In addition, there are technical details that must be addressed before you begin. Do your analytics tools of choice recognize and process non-English characters (forfærdelig!)? The devil is in the details.

2) Channels That Matter: Identifying the platforms that matter in the markets of interest for your audience is relatively straightforward. Understanding how those platforms work and how to collect the appropirate data from them is the next step. Do you have a thorough understanding of VK? How about Yandex? Knowing how information is searched for, consumed and shared in the market (in this case Russia) is critical for assessing the influencer landscape.

3) Media landscape: Knowing the lay of the land in each market is not only critical for engagement recommendations, it’s also a critical component of context. Whether it’s the nature of the French Energy Media or state-mandated media restrictions in Russia, the unique nuances within each market should frame how you’re collecting and interpreting data.

4) Cultural Relevance – This is where opportunities for rich insights lie. Taking a broader view to assess a market’s cultural frame of reference and the events that have shaped those views can begin to connect communications strategy with underlying needs, motivations, etc.

5) Geopolitics Context: For issues management, understanding the economic and political reality in the region(s) of interest adds another layer of complexity. In Europe, what are each country’s views toward Russia as a political entity? How dependent are they on Russian energy exports? What is the historical context for international relations? Knowing the answers to these questions will frame the context (social, economic, historic) for the core narratives in each market.

Influencer programs are now table stakes for brands seeking to support global positioning. Scaling influencer programs to provide coherence and efficiency while enabling market-specific messaging is increasingly the norm. Whether you’re in healthcare, CPG or energy, using the guide above and spending a little more time in planning can ensure you identify and activate the right influencers to tell your brand’s story in the global marketplace.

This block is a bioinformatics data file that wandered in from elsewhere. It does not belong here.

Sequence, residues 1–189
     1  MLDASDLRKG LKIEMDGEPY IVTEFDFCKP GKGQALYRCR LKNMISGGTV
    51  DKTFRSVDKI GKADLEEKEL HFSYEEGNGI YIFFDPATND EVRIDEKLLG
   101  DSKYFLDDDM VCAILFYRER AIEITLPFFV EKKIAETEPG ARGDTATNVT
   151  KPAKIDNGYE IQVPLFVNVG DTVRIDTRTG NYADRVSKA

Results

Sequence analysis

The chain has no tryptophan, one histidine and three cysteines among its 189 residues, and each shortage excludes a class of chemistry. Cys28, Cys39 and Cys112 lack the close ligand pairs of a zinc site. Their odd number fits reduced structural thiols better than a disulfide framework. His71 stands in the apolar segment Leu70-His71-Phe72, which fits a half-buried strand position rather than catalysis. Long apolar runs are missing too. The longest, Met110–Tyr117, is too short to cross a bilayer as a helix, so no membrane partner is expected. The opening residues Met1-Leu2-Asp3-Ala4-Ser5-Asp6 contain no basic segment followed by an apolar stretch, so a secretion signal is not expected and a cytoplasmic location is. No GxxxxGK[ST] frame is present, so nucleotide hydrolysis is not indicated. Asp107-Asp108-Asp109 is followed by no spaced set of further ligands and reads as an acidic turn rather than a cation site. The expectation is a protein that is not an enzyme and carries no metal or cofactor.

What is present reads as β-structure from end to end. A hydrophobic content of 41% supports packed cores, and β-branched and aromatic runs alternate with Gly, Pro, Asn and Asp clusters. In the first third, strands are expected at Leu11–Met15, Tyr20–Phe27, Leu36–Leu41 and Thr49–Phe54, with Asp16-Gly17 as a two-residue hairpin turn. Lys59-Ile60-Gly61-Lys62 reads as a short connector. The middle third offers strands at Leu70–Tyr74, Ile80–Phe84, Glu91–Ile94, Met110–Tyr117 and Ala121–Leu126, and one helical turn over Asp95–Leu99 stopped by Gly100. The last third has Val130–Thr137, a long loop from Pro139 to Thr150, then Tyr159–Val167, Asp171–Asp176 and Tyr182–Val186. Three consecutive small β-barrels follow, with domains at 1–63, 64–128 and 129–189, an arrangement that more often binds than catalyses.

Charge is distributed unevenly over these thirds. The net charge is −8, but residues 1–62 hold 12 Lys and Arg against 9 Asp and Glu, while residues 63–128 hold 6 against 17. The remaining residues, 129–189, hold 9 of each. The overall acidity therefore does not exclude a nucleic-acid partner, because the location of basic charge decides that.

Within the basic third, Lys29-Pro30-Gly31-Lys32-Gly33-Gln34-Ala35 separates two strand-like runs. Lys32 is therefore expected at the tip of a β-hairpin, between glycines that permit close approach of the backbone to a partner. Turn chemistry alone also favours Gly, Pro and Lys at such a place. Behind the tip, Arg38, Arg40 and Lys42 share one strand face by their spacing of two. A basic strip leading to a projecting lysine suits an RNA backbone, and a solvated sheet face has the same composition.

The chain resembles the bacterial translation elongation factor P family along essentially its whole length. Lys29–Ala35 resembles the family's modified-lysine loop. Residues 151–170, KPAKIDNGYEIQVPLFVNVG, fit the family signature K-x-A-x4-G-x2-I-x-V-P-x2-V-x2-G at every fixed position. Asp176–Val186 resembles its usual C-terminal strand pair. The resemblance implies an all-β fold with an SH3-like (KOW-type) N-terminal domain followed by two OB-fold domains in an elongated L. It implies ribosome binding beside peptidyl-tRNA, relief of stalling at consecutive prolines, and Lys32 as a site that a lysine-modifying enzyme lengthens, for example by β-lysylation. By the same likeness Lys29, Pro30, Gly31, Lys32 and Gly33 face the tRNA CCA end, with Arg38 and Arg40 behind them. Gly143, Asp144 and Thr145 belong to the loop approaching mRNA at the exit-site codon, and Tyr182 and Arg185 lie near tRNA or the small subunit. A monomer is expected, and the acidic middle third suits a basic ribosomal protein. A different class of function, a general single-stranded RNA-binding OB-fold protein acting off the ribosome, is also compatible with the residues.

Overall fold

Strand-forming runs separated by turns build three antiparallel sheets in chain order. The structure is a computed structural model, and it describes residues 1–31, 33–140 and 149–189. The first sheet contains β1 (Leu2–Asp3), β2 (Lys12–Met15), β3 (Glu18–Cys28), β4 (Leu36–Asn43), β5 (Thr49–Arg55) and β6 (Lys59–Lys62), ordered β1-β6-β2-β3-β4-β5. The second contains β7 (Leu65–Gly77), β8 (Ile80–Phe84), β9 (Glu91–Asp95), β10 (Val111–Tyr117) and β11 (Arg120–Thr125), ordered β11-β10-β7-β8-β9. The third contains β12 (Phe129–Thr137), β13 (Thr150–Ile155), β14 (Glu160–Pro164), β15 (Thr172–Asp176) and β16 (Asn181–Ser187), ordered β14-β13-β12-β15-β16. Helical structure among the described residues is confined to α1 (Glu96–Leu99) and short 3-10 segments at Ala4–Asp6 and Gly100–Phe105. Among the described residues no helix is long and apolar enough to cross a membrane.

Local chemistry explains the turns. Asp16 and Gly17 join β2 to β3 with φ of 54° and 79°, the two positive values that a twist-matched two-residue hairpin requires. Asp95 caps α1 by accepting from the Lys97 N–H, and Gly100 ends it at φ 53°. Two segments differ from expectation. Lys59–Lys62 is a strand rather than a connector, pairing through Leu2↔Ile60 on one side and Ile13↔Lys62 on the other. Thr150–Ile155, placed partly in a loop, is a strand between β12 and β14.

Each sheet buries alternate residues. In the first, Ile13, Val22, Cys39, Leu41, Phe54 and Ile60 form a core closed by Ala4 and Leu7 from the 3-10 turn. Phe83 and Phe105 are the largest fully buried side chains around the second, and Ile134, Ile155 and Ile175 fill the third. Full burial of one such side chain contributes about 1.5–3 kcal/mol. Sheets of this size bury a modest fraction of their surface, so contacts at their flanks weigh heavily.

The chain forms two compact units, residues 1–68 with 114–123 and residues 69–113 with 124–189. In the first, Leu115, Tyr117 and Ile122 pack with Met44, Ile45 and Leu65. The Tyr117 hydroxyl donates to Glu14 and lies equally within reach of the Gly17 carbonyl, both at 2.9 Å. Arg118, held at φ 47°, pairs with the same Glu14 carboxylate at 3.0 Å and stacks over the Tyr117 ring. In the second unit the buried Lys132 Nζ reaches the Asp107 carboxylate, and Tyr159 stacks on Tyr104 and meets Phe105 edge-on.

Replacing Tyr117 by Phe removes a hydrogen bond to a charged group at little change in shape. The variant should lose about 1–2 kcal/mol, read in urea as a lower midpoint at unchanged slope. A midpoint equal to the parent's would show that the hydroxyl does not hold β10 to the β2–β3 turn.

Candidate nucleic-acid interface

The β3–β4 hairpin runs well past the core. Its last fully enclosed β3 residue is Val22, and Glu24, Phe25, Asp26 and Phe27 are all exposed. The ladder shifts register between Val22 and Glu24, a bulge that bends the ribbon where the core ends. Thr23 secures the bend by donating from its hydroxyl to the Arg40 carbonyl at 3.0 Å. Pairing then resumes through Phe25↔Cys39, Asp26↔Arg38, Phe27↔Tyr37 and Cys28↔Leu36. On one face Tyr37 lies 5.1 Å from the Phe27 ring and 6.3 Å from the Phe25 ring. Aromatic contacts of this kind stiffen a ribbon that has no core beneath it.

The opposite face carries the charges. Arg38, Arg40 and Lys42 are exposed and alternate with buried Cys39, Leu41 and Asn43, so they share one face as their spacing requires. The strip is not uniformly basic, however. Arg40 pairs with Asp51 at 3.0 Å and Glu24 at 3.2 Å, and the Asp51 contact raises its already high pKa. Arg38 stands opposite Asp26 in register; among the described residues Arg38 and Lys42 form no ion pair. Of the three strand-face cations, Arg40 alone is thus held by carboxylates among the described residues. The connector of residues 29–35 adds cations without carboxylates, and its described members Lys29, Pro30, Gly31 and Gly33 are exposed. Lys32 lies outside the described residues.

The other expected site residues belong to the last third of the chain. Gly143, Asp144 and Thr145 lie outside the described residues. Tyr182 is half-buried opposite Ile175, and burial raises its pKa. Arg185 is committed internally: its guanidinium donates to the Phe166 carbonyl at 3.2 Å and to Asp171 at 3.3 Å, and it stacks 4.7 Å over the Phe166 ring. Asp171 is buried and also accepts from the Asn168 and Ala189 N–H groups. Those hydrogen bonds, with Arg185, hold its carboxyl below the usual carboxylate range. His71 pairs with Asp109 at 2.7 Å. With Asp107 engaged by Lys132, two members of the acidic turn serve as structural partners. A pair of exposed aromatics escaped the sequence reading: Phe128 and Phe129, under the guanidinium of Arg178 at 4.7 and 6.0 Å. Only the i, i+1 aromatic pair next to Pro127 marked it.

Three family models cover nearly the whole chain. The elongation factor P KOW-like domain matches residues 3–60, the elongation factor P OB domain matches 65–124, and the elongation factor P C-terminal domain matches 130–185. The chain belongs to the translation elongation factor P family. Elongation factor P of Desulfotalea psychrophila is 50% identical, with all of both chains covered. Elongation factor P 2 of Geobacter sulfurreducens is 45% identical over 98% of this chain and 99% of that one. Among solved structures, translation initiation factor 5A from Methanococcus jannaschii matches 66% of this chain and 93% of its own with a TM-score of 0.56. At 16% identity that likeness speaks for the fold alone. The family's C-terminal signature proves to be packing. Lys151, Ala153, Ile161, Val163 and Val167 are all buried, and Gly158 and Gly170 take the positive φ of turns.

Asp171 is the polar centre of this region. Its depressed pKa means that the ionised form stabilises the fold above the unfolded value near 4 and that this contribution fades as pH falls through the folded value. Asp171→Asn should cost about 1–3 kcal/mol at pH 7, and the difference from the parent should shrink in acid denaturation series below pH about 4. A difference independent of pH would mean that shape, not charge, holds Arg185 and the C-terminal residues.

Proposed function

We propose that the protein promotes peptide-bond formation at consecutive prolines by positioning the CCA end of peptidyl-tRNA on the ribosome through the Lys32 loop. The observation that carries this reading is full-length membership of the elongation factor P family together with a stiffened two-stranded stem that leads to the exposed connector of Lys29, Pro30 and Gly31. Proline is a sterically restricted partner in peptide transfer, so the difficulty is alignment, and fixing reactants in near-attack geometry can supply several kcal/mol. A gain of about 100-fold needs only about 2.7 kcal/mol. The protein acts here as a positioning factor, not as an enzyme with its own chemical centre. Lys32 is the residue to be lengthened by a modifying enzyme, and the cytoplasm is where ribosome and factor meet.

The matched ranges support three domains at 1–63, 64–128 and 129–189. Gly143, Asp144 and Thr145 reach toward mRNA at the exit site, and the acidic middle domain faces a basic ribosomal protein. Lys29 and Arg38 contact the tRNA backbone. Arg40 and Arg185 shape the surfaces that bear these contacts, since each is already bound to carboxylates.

Photo: Luke Price, Flickr, 11/06/12

By: Brandon Watts

Brandon is the leader of WCG's Analytics Team in Austin, TX. Email: bwatts@wcgworld.com LinkedIn: www.linkedin.com/in/brandonwatts512/

Find me on: Twitter
Pre-Commerce Check out W2O Group President Bob Pearson's new book, Pre-Commerce, in which he shares ideas for leaders to engage directly with customers to shape their brand and marketplace success. Now available for order on Amazon.com! http://amzn.to/bAmvFN. Join the conversation #precommerce.

One Response

Stay in touch with the conversation, subscribe to the RSS feed for comments on this post.

  1. Nicely done.
    I love the fact that you separated the core elements and the other factors. One factor that I think is extremely important is the customer itself. Often I deal with customers who are not strategic enough in their approach to influencer identification and the outcome is so so. L

Some HTML is OK


(required, but never shared)

or, reply to this post via trackback.